If you followed our May 2018 re-cap and read our quick blurb on what we expected for June, none of this will come as a surprise to you. In fact, June 2018 turned out almost the exact way we predicted it; very warm and very dry. The month saw several record setting days and Denver even reached it’s all time record high of 105 degrees. Castle Rock tied and set a couple of temperature records, with our hottest day on June 28 coming in at 99 degrees (which set a new record and tied our all-time high!)
June featured a lot of above average temperatures, you can see in the graphic above that not only where the daytime teamperaties well above average for a good chunk of the month, so where the nighttime temperatures. This means the overall mean temperature was quite a bit above average, making June a warm month. It should be noted that Denver mirrored this trend and as such, June 2018 became Denver’s 7th warmest month on record (June 2012 was the warmest.)
June 2018’s mean temperature finished 3.96 degrees above average and is the fourth month in a row with an above average mean temperature.
Historically, June is a wet month and the pattern is that we usually see a lot of that moisture fall in the first half of the month when severe weather season ramps up. June 2018 was very dry the first half of the month with no precipitation recorded in Castle Rock until June 14. After that, a few storms brought a couple of healthy doses of rain in the .25 inch range, but even that is not enough to erase our dry conditions and make up for months of below average precipitation stemming all the way back from last fall.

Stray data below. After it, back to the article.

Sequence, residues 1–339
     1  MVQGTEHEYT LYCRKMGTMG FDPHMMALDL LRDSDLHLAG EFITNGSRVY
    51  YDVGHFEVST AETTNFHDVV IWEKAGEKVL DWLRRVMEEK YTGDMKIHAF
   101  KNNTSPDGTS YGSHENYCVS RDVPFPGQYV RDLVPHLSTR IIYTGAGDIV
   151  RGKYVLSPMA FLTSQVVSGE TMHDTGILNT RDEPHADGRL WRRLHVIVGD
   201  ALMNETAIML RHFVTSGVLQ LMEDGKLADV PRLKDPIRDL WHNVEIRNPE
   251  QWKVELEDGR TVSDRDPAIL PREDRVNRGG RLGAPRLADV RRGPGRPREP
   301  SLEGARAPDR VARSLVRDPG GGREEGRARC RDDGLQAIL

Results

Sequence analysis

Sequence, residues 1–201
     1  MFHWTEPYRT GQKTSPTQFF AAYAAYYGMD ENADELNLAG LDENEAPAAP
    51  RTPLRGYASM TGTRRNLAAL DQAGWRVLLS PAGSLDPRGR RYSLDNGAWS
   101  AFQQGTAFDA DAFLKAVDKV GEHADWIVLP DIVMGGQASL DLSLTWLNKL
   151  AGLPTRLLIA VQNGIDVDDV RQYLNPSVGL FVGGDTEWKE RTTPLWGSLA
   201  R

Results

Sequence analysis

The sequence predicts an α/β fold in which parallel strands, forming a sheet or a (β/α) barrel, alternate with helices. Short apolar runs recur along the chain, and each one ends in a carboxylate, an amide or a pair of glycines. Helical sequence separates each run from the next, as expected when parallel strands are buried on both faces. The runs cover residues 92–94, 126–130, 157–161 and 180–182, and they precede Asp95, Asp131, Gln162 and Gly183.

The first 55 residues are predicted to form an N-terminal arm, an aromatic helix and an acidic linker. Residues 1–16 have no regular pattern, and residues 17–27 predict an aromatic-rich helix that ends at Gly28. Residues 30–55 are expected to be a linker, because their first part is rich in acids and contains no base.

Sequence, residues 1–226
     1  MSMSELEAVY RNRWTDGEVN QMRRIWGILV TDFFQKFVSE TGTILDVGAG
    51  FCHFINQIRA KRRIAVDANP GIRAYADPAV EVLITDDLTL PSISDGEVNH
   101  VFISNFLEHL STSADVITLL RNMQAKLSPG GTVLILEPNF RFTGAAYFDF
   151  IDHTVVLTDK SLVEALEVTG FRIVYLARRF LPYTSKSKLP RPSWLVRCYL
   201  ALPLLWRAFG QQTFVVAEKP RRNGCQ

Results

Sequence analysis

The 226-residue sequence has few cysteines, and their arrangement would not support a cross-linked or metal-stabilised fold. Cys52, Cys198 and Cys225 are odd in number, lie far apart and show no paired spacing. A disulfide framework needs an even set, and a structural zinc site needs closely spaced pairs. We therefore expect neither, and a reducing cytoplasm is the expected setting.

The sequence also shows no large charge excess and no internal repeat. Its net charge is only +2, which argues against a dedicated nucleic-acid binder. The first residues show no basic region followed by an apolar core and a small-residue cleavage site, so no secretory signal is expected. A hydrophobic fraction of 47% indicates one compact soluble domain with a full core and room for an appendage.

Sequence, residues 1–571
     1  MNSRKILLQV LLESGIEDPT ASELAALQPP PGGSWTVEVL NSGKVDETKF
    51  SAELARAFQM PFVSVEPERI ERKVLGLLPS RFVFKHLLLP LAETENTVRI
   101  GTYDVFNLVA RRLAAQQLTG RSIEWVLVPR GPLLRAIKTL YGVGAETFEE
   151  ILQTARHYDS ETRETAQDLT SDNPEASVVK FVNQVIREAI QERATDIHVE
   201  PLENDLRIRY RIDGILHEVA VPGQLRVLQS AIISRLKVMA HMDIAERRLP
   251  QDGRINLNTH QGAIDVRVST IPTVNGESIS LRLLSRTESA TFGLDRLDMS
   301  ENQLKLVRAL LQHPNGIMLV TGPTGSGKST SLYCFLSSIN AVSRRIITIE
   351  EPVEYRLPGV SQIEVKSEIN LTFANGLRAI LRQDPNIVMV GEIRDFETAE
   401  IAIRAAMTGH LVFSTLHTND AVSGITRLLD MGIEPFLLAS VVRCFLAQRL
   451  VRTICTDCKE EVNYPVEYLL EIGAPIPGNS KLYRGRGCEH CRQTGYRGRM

June 2018’s total liquid precipitation finished 1.37 inches below average.
June 2018 continued another pattern of warm and dry months for Colorado. We received a little bit of rain but record high temperatures and windy conditions couldn’t help us put a dent in drought conditions along the Palmer Divide. The moisture did however, help us keep the drought from getting worse. The latest outlooks from the CPC show a better than average chance for above average moisture for Colorado, mainly a bit later in July. The first week or two of the month look very warm and dry with the data we are seeing.
July is the start of the monsoon season in Colorado. Southwesterly flow carries heat but also moisture into Colorado. July is our warmest month of the year on average and one of our wettest thanks to the monsoon pattern. Indications are we will see a decent monsoon pattern this year, but we don’t yet know when it will kick off or how sustained it will be. The probability (as seen above) is that we finish slightly above average on precipitation for the monsoon season, which means we should expect to see rain kick off later in July with continued very warm temperatures. Keep an eye out for updates for the day to day and week to week weather highlights on Mountain Wave Weather!